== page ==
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Incumbents' Interests and Gender Quotas

Authors


  • We are highly indebted to Joan Scott for inspiring us and for many discussions on the parity movement in France. We are grateful to the Institute for Advanced Study in Princeton for giving us the opportunity to start this project. Comments by Matt Jackson, Dean Lacy, Matthias Messner, Kira Sanbonmatsu, Gilles Serra, Ken Shepsle, Guido Tabellini, Jack Wright, four anonymous referees, and by the participants at various workshops are gratefully acknowledged. We thank Ji Li, Chloé Tergiman, and Violette Van Dyck for their assistance with the data as well as the Centre de Données Socio-Politiques for providing us with some of the data. Morelli gratefully acknowledges the financial support of the National Science Foundation (Grants SES-0213312 and SES-0519045) and the Deutsche Bank. Maniquet thanks the Belgian Program on Interuniversity Poles of Attraction initiated by the Belgian State, Prime Minister's Office, Science Policy Programming. Fréchette's research was partially supported by the Center for Experimental Social Science, the C.V. Starr Center, and the National Science Foundation (Grants SES-0519045 and SES-0721111). Any opinions, findings, and conclusions or recommendations in this material are those of the authors and do not necessarily reflect the views of the institutions supporting the project.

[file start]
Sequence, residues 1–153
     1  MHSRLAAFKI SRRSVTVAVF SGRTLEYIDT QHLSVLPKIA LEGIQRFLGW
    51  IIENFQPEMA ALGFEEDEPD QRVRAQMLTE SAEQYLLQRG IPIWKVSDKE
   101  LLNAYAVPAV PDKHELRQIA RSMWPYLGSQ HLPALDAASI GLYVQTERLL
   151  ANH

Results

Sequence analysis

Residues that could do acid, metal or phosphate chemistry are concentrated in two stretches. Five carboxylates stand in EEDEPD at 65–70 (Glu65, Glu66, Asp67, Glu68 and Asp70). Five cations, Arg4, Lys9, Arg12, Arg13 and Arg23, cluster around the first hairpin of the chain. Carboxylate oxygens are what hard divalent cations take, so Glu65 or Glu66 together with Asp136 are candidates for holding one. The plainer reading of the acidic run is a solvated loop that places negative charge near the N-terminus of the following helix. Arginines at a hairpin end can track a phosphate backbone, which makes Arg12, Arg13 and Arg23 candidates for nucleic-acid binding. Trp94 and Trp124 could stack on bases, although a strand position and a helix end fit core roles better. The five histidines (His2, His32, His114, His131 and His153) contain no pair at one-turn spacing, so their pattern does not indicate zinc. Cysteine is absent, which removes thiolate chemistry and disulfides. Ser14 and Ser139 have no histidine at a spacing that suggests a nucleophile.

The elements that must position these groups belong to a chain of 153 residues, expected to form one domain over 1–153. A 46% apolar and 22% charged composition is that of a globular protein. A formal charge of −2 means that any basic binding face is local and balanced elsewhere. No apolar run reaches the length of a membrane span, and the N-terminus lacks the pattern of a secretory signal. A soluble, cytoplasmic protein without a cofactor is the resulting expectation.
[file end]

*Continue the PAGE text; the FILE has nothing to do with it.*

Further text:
Guillaume R. Fréchette is assistant professor of economics, New York University, 19 West Fourth Street, 6th Floor, New York, NY 10012-9873 (frechette@nyu.edu). Francois Maniquet is professor of economics, Center for Operations Research and Econometrics (CORE), Université Catholique de Louvain, Louvain-la-Neuve, Belgium (francois.maniquet@uclouvain.be). Massimo Morelli is professor of political science and economics, Columbia University, 720 LAB, 420 W. 118th St., New York, NY 10027 (mm3331@columbia.edu).

Abstract

The introduction of mandatory gender quotas in party lists is a reform that many countries have recently adopted or have been considering. The electoral system affects the incumbents' incentives to make such reforms, their details, and their effectiveness. We show that male incumbents can actually expect an increased incumbency advantage when gender quotas are introduced, if they are elected through single-member district majority rule. On the other hand, no expectation of male advantage can reduce the incumbents' fear of being replaced if they are elected through closed-list proportional representation. As France has both electoral systems, we validate the above argument using a formal model of constitutional design as well as an empirical analysis of the legislative elections in France, displaying the existence of male bias in the last three elections. We also show that parity may have Assembly composition effects and policy effects that vary with the electoral system.

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